At the 90th Academy Awards held in March this year, the Mexican film director Alejandro González Iñárritu – winner of best director Oscar for The Revenant in 2015 and for Birdman in 2014 – collected a special award for a virtual reality installation.
Special Oscar awards are rarely presented, but the Academy said Iñárritu was being honoured for Carne y Arena (Virtually present, Physically invisible) because the six-minute experience was “a visionary and powerful experience in storytelling”. It marks the first Oscar awarded to the medium of VR.
The director, writer and producer, whose other acclaimed films include Rudo y Cursi, 21 Grams and Babel, created Carne y Arena to look at the plight of migrants crossing the Sonoran desert of Arizona and California.
Guests put on their VR headsets to become completely immersed in a refugee’s journey, based on real-life accounts, with the solo experience made all the more realistic through the use of cool temperatures, breezes and sandy floors.
“During the past four years in which this project has been growing in my mind, I had the privilege of meeting and interviewing many Mexican and Central American refugees. Their life stories haunted me, so I invited some of them to collaborate with me in the project,” Iñárritu says.
“My intention was to experiment with VR technology to explore the human condition in an attempt to break the dictatorship of the frame, within which things are just observed, and claim the space to allow the visitor to go through a direct experience walking in the immigrants’ feet, under their skin, and into their hearts.”
It premiered at the Cannes Film Festival in May 2017, before spending six months at Fondazione Prada in Milan, Italy, followed by six months at Los Angeles County Museum of Art (LACMA) in California. Carne y Arena is currently open to the general public at a location in Washington, DC.
In an interview with Variety magazine, Iñárritu discussed the potential and challenges of VR as a medium, saying it has elements of theatre, documentary and physical installation. “It’s many different arts combined.”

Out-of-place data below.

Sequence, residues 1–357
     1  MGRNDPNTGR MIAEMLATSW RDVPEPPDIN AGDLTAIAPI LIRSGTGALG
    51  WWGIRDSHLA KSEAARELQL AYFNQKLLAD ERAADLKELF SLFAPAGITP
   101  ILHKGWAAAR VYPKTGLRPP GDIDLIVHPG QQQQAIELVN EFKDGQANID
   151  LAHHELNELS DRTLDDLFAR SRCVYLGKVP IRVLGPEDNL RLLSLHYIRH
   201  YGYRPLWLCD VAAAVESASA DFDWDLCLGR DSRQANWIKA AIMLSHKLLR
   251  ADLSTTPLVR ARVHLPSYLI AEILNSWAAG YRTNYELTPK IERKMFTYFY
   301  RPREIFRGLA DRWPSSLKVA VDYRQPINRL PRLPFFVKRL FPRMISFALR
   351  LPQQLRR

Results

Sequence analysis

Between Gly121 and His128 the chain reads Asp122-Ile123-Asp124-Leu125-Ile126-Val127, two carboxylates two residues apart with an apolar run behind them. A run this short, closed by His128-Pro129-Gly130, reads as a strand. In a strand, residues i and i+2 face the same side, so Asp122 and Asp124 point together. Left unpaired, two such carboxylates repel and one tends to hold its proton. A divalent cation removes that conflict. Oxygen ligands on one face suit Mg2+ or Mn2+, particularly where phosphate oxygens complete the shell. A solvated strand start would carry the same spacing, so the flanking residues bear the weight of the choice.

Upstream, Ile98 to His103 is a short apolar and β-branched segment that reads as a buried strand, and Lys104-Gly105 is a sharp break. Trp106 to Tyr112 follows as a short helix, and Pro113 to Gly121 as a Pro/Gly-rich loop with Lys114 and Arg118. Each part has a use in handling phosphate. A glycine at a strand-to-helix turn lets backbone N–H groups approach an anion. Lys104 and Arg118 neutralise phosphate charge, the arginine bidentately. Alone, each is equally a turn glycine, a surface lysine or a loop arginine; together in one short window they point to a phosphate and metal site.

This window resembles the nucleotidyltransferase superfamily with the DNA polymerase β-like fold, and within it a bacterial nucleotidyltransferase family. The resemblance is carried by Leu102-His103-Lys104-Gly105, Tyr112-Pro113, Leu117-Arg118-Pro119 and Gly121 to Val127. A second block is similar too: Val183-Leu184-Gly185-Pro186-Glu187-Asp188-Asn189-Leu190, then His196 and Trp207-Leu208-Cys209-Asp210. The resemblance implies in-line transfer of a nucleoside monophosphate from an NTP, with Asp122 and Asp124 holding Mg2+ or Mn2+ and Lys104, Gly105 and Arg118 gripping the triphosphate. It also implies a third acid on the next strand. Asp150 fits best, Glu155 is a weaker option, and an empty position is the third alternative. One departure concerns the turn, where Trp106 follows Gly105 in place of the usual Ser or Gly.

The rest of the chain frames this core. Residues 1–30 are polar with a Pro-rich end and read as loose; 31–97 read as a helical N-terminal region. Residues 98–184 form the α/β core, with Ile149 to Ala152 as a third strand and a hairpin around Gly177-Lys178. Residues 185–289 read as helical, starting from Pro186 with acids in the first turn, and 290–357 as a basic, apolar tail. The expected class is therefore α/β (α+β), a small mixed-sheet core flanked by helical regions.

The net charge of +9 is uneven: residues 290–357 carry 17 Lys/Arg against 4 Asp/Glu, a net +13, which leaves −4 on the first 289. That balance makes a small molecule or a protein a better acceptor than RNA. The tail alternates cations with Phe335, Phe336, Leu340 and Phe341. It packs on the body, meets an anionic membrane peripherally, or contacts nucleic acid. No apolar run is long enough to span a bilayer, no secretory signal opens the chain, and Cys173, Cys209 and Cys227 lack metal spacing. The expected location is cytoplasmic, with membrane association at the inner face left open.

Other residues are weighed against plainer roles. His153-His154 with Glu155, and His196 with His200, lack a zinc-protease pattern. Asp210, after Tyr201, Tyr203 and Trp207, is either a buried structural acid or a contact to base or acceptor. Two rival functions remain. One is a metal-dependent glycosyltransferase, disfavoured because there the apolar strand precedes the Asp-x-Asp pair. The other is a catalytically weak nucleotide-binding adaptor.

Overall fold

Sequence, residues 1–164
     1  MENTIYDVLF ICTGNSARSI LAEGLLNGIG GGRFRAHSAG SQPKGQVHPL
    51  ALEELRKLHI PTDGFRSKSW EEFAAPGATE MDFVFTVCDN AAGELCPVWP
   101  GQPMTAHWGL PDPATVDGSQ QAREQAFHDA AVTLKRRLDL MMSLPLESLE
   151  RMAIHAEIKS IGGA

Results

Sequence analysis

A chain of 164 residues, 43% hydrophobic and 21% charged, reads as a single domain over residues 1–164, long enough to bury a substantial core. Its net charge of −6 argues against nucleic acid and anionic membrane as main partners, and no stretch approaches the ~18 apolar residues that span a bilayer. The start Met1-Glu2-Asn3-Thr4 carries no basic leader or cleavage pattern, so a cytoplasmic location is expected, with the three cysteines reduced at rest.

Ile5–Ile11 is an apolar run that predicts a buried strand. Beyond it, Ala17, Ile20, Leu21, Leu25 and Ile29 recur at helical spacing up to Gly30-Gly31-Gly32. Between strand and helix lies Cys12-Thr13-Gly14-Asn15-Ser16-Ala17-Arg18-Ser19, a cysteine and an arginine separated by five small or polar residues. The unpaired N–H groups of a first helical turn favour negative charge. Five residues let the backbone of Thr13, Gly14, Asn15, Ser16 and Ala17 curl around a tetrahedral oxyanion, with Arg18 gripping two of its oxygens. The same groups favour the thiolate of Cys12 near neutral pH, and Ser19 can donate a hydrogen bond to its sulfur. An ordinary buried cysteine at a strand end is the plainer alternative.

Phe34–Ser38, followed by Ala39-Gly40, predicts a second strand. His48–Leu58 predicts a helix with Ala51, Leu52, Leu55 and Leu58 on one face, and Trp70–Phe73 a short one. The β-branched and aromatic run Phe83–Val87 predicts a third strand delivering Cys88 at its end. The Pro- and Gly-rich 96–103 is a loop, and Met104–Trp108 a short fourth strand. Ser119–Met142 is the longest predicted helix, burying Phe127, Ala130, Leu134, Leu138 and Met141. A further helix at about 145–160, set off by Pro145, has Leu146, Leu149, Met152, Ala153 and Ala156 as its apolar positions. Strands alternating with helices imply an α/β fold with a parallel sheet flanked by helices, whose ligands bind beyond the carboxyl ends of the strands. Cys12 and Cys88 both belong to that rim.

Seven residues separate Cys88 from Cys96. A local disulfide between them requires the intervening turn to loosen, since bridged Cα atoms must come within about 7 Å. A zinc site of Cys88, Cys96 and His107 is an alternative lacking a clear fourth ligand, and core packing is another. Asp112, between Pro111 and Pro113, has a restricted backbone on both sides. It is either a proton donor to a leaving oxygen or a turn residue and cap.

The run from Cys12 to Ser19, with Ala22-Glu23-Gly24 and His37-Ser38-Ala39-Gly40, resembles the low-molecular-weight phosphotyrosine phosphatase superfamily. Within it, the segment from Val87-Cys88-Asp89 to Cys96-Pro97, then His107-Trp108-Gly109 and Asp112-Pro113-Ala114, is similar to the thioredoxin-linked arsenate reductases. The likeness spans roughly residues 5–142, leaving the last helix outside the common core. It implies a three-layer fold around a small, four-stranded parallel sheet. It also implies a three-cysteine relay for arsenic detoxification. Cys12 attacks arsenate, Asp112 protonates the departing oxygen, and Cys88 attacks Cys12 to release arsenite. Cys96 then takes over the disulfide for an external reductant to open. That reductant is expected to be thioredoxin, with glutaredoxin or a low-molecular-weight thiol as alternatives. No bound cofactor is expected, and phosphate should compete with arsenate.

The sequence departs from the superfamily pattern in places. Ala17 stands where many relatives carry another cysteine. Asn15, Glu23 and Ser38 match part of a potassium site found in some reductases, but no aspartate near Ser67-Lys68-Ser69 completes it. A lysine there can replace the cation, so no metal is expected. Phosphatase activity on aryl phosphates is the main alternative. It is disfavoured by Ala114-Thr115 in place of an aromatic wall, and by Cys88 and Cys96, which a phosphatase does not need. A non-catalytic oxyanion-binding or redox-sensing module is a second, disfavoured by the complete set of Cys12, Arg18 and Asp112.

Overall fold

“VR has the potential to change the landscape of museums and galleries because you can go into the mind of an artist. I think great artists will be able to create amazing pieces where you will really walk into their brain, and that will be life-changing. The experience is huge,” he says.
“Narratively, I think it will require the new generation to bring a new way to approach it. We should not be contaminating this with old narrative arts of theatre or cinema. I think this is its own beast. This requires a new way, and I don’t know if it’s anti-narrative, but it should be much more unexpected – a new way with a new language. That’s what I think is exciting about it. What I call it is a ‘narrative space’. There’s a narrative but it’s more of a spatial, atmospheric narrative than a traditional narrative.”
He comments that the drawbacks include the quality, the weight of the headsets and that it tends not be a collective experience, but that the medium is being developed to overcome these.
He adds: “VR is really amazing. It challenges your conception of time and space in a way that nothing does.”
The Academy of Motion Picture Arts and Sciences president John Bailey explained the reason for the special Oscar statuette: “Iñárritu’s multimedia art and cinema experience is a deeply emotional and physically immersive venture into the world of migrants crossing the desert of the American southwest in early dawn light. More than even a creative breakthrough in the still emerging form of virtual reality, it viscerally connects us to the hot-button political and social realities of the US-Mexico border.”
Iñárritu worked with longtime collaborator and cinematographer Emmanuel Lubezki, producer Mary Parent and ILMxLAB, Lucasfilm’s VR entertainment laboratory.